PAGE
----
Summer Reading Program app!

May 20, 2014 in TeenSpace

This summer we are introducing our Summer Reading Program App!  You can complete the program using the app or the paper log.

REGISTER: register If you are choosing to log your hours through the app, please register this way.  You will be sent an email confirmation.

LOG READING HOURS: hours You can log anywhere from 1-5 hours, but only in hourly increments.  You will be sent an email confirmation.

EARN BADGES: badges You will be given tasks to complete.  After you have completed a task, click on the box.  You can save and come back later to complete other tasks.  When all are completed, you will be shown a page with a medal.  Print this page, or bring in your device to show us that you have earned all the badges.  You will be given a special prize.

BOOKSHELF: bookshelf The Bookshelf part of the app is connected to Goodreads.  You will need to download another app to scan books and add them to the summer reading list on Goodreads.  You will also need a Goodreads account.  More directions are available here

GAMES:  game on See if you can help Spark the Scientist and then defeat the monsters!

CALENDAR & TWITTER: cal tweetThese icons will link you to our Event Calendar of all the cool things happening at our libraries, and to our Twitter page.


Scan this code to go straight to the app store to get the free app or visit the app store by clicking here.    Don’t have a mobile device?  Use a computer by visiting this link.  Click here.


app pic

Teen YouTube Video Contest 2014

January 29, 2014 in TeenSpace















Click below for further details and an entry form


Wonder by RJ Palacio

January 22, 2014 in Uncategorized

Wonder is a fantastic kids book. It will stick with readers long after they’ve finished.















August Pullman was born with a facial deformity. He has been homeschooled while undergoing multiple surgeries and operations, but he still looks vastly different from other 10 yr olds.
His parents decide to enroll him in a school and he reluctantly agrees to go. He makes a few friends, and is largely unaware that most of the kids are playing a game in which anyone who touches him gets “the plague.” He overhears one his only friends’ making fun of him and claiming he was told he had to hang out with him. August begins to regret his decision to go to school.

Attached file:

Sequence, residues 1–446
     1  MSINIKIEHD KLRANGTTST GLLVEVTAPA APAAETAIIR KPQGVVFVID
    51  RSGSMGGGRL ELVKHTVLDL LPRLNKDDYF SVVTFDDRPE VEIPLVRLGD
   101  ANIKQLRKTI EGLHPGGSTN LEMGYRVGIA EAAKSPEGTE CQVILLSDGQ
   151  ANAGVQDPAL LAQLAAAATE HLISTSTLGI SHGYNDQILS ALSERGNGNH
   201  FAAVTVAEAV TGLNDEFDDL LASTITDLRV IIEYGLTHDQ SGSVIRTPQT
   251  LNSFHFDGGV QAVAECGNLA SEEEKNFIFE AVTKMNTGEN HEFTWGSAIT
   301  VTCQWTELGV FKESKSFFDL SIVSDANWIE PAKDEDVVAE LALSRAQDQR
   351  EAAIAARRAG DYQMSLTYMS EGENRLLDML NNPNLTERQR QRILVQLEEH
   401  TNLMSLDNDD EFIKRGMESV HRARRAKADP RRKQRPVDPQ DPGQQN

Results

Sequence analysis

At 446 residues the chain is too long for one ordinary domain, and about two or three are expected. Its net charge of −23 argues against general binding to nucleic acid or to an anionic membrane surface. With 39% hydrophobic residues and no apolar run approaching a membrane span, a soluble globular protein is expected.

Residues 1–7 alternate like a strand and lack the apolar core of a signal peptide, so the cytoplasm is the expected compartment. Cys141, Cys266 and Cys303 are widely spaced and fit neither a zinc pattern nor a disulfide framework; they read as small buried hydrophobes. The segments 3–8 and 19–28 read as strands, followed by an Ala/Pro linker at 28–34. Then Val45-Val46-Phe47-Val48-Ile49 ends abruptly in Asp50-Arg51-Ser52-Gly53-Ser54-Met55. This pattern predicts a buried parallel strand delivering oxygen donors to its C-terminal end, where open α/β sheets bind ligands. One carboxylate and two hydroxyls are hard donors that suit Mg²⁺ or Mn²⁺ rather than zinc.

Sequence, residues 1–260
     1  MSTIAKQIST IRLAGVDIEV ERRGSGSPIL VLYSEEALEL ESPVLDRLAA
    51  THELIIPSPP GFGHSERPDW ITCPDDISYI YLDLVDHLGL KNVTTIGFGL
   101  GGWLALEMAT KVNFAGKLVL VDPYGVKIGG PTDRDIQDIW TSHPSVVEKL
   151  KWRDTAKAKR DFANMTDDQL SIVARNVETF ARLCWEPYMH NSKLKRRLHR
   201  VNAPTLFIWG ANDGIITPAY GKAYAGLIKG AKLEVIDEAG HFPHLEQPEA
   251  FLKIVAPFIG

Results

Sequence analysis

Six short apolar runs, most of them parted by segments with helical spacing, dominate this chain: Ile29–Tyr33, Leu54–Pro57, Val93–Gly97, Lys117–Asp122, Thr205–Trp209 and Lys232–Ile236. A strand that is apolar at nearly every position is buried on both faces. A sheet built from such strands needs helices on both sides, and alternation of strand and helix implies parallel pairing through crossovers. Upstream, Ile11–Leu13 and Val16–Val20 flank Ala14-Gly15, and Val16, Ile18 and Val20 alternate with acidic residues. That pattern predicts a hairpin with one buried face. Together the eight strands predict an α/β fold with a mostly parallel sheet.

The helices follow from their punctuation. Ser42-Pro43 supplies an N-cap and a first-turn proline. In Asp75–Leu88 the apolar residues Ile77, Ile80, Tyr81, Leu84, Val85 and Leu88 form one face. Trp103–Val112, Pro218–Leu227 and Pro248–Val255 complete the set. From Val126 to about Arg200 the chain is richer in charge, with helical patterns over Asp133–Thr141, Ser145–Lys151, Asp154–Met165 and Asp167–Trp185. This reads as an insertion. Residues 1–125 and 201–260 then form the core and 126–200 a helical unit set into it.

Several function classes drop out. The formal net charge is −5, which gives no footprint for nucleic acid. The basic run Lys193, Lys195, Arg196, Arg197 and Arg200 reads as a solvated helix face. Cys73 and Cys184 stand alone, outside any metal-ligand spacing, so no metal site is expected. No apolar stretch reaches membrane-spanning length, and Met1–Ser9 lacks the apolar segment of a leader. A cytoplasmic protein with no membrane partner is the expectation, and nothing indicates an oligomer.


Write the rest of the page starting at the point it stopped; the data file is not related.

The book shifts perspectives and readers learn more about August’s sister in her chapter. There are also chapters told from the perspective of his friend who bad mouthed him, and his sister’s boyfriend.
The book is mostly told by August, who has a unique perspective of the world, and I learned a lot about how it must feel to have a physical deformity. The writing was easy to follow and August seemed like a pretty average 10 yr old so I think a lot of younger readers will relate to him and empathize. It is a heartbreaking book to read, but it ends on a positive, optimistic note.

Little Fish- Book Review

October 29, 2013 in TeenSpace

Little Fish_Ramsey Beyer_cover

Little Fish is an graphic memoir about Ramsey’s first year of college. The story, set in 2004, is told through comics, lists, and journal entries taken from her actual Livejournal.
Ramsey lived a sheltered life in her small Michigan town of Paw Paw. She’s a happy, somewhat introverted girl who likes punk music, her small group of friends, and art. She applies to, and is accepted into an art school in Baltimore. She describes her preparations and trepidations in the summer before she leaves.
Her story is an honest true to life tale of what it is like to go off on your own for the first time. Sometimes she is lonely, sometimes she is happy and sociable, and sometimes she has conflicted feelings about being away from home. Ramsey makes some new friends who challenge her in new ways and make her open up to a wider world than she had experienced in Paw Paw. The memoir spans her entire year and includes a light romance with her neighbor.
I really enjoyed her book because I felt my experience was similar to hers. Some would expect a memoir about the first year of college to be full of boozing and sex, but hers was not. It’s good for teens to read a story that shows how college isn’t just about partying.
Towards the end of the book, the lists get a little tedious to read, but overall, I enjoyed the format. This should appeal to reluctant readers and graphic novel enthusiasts. I highly recommend this to high schoolers, college students, and even young adults who will reminisce about college life.




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